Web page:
Søren Kierkegaard

He notably only traveled abroad five times, four times to Berlin and once to Sweden. Despite this fact, he still managed to take from his studies and many experiences to form a universal model for understanding the different stages and aspect of living. His many works garnered him acclaim among fellow scholars and mathematicians of his era, and like many of the greatest philosophers his works have been heralded as timeless.
One of Kierkegaard’s most notable works is his theory of the spheres of existence. For the philosopher, existence meant to become progressively more individualistic (Kierkegaard, 175). Keirkegaard believed this individualistic existence caused everyone to travel along a path toward self-realization and this process, he noted, had three stages. These stages being, Ethical, Religious and Aesthetic, as "All human beings are currently at one of this stages, depending on the extent to which they have achieved their life-project (Kierkegaard, 175)." By more individualistic, Kiekegaard means that through each stage individual gain a higher understanding of self than they had before and it is through the privileged perspective provided by the assessment of and graduation from the previous stage that allows the person to attain this new form of self. Kiekegaard goes on to further note that, "Each stage is a way of seeing life, a way of understanding the world. They are different ways of living out one’s existence, independent spheres of life, situations which embody a certain stability. Living fully in the aesthetic sphere will never lead to the ethical one, and the upholding of ethics will never open the door to religion." He closes by pointing out that no one stage can completely dominate and individual’s life and if one were to allows this to happen they would stay stagnant and not progress through the stages.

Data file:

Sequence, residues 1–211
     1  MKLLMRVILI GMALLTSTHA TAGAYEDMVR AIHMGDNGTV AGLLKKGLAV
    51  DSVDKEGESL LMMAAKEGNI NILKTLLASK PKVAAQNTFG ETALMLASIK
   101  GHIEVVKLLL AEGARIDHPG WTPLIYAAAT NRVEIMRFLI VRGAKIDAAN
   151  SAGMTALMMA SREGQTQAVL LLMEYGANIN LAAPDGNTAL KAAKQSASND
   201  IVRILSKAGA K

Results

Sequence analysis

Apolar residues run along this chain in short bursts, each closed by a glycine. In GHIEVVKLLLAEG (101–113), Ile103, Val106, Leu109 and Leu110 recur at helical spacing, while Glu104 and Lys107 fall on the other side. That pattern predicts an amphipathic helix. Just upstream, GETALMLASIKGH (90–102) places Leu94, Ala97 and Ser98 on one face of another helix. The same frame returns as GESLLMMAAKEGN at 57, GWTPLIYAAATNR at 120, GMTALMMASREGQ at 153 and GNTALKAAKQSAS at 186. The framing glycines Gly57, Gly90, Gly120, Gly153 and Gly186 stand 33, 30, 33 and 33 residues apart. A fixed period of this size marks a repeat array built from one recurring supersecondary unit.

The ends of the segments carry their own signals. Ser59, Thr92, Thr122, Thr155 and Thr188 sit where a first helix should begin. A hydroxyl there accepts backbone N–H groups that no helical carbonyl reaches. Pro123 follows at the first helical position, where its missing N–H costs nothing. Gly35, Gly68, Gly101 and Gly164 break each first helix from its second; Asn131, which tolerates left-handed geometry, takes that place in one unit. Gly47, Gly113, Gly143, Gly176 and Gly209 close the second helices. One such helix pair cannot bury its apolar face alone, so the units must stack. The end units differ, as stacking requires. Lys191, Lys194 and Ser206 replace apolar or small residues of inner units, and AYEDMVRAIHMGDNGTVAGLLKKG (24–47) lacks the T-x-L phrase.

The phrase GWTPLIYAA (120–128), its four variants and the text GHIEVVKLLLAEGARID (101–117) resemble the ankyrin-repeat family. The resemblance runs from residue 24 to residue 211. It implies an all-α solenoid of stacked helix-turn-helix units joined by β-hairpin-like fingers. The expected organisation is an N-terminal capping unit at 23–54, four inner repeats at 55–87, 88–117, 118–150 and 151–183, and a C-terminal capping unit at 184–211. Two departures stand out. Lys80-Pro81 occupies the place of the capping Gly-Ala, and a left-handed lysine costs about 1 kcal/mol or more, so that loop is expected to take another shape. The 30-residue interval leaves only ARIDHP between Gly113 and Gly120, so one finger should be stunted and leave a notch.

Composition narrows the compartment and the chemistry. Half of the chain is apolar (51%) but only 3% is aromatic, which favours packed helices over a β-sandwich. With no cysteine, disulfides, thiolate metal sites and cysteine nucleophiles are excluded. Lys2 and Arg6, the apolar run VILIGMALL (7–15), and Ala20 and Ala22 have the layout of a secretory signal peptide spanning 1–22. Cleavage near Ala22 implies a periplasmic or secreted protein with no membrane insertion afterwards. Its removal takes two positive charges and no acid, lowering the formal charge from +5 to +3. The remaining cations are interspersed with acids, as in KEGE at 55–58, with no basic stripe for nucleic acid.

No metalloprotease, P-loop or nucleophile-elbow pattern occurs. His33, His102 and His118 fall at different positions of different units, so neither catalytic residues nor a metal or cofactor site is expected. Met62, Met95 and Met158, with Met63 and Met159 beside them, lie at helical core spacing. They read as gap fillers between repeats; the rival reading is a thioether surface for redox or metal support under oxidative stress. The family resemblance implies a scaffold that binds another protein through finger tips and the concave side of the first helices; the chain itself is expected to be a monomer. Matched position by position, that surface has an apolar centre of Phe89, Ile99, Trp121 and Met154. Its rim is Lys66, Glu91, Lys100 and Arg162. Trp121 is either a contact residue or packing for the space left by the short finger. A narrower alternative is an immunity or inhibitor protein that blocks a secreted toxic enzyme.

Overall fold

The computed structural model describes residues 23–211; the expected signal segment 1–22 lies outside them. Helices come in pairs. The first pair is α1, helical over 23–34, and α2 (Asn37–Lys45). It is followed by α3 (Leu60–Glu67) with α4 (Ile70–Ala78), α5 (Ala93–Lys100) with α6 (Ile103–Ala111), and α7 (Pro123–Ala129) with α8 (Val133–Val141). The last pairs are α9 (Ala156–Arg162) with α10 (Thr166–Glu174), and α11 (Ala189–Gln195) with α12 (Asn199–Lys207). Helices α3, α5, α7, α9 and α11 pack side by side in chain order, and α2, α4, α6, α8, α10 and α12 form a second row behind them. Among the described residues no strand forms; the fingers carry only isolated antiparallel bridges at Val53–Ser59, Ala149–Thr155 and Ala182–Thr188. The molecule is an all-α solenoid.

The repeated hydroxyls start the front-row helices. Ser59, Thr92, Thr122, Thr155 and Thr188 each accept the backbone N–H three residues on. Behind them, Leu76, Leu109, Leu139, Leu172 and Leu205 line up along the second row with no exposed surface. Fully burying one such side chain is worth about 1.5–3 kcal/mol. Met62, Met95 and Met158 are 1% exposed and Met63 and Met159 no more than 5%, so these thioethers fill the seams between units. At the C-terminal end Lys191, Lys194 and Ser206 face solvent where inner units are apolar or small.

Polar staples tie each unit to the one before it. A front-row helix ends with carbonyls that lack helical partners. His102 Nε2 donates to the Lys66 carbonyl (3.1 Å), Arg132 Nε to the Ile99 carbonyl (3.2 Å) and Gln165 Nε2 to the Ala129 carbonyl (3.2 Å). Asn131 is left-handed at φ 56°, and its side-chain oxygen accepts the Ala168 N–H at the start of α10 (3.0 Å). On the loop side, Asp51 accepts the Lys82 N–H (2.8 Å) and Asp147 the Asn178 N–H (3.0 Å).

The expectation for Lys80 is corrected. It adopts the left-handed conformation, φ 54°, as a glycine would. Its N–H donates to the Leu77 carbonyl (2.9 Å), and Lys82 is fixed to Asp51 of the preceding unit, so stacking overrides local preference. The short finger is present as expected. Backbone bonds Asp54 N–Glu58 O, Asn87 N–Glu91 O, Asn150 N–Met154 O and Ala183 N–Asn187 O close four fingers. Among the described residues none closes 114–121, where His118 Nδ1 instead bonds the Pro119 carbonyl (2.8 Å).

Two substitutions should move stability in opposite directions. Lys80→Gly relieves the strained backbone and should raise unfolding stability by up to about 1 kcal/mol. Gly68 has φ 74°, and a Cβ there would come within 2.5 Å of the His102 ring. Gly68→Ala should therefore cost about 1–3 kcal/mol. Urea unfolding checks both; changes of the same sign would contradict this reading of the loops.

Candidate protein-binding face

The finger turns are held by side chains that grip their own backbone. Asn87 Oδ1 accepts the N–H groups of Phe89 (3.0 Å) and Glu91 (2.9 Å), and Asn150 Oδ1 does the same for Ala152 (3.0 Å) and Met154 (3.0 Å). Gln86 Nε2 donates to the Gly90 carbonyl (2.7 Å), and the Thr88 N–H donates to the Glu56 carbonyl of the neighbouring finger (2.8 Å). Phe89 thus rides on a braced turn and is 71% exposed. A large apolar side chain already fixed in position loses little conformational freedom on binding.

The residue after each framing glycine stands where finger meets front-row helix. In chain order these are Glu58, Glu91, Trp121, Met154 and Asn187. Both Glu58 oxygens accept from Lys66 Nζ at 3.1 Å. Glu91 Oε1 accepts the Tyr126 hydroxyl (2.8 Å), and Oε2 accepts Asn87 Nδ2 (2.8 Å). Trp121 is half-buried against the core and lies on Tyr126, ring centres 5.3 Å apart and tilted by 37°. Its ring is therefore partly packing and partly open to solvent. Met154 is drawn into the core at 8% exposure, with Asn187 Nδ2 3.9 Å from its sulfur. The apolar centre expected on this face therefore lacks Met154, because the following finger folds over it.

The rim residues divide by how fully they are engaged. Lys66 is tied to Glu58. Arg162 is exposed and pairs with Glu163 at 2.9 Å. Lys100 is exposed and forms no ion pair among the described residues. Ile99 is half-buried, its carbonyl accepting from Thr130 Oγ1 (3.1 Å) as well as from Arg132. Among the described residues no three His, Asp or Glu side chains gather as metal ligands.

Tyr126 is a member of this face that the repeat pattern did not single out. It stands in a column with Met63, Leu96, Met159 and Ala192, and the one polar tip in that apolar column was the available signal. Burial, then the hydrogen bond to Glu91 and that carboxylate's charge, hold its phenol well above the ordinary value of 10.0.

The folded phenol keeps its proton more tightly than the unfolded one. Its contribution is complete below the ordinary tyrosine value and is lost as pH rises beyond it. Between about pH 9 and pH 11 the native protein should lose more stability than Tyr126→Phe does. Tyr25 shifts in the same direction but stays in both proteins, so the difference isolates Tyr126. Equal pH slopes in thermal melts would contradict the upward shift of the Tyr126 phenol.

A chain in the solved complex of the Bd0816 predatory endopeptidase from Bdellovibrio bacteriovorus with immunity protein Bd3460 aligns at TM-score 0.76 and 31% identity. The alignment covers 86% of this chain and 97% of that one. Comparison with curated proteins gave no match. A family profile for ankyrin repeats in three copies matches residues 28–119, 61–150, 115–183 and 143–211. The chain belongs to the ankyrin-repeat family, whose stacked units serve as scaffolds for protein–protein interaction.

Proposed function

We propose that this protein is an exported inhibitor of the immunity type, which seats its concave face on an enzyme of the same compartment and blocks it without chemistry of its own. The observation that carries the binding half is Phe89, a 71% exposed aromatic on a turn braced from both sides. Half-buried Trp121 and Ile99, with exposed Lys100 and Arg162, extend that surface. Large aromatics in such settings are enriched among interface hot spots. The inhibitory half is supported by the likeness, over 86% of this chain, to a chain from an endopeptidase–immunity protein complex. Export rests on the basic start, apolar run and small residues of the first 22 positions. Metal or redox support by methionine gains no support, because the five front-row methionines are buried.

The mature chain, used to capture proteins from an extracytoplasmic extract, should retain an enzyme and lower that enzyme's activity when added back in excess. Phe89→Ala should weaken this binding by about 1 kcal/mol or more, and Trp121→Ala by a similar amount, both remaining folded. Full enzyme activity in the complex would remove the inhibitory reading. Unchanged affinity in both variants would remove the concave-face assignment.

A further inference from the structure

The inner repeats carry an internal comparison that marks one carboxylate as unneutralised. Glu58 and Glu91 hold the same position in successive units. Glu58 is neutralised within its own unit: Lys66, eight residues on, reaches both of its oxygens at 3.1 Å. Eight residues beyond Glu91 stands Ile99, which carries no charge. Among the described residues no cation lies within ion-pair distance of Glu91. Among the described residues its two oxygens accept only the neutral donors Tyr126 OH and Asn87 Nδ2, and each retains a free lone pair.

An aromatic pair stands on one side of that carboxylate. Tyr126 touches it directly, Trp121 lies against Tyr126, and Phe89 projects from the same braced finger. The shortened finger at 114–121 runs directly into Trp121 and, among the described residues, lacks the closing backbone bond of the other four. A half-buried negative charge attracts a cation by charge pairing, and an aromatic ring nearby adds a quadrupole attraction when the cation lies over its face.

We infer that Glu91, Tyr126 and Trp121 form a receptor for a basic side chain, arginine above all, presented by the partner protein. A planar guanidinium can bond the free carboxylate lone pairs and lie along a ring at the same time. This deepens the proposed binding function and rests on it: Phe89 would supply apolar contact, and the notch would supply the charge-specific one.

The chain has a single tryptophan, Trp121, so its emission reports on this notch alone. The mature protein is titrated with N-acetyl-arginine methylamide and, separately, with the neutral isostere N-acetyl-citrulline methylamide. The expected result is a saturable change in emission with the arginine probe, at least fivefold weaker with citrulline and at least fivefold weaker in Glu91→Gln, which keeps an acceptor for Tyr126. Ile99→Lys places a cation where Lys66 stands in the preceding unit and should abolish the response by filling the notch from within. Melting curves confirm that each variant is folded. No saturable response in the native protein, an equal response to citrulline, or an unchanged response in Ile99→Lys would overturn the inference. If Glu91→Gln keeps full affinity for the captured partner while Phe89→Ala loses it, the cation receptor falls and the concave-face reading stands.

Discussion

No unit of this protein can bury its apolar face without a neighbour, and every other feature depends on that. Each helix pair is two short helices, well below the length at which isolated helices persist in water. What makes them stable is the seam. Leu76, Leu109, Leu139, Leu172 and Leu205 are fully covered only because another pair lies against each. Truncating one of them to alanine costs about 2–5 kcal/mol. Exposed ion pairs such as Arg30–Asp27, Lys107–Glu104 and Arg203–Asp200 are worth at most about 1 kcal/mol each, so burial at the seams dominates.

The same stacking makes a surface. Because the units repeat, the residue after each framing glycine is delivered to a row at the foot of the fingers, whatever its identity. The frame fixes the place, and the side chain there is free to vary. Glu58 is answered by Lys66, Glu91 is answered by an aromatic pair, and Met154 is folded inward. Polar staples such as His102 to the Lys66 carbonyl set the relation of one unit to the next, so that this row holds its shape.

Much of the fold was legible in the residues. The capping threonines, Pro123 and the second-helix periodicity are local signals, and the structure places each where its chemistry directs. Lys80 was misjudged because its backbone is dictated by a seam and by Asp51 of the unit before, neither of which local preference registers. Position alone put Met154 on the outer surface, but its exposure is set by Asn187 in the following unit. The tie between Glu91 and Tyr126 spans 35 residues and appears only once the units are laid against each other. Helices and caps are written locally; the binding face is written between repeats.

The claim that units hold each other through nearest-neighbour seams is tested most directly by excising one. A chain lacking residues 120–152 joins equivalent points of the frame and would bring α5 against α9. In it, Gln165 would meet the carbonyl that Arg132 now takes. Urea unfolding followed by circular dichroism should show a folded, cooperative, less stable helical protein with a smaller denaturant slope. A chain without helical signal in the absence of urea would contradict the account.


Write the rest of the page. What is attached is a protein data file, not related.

The first stage of Kierkegaard’s progression of existential stages is aesthetics recognized as the ‘immersion in sensuous experience. valorization of possibility over actuality. egotism. fragmentation of the subject of experience. nihilistic wielding of irony and skepticism. and flight from boredom (Stanford, p1)." This stage of existence is a very selfish one that involves excessive self-indulgence. Kierkegaard refers to temptation and the appreciation and distraction of beauty a lot in this section.
Ethics in Kierkegard’s work has more than one meaning, "It is used to denote both: (i) a limited existential sphere, or stage, which is superseded by the higher stage of the religious life. and (ii) an aspect of life which is retained even within the religious life (Stanford, p1)." This is basically the stage where one starts to asses their life and view themselves objectively. It is recognized as the stage of reasoning this stage is ‘limited’ in that it is the stage that comes before the religious stage, but it is retained within the religious stage in that the traits used in the ethical stage must also be used to make the valuable choices in the religious stage. Ultimately the final obligation to transition from Ethics into the religious stage is to completely relinquish one’s reliance on reason for one’s trust in faith.
The final stage of existence that Kierkegaard recognizes is the stage of Religion, and specifically Christianity. Kierkegaard

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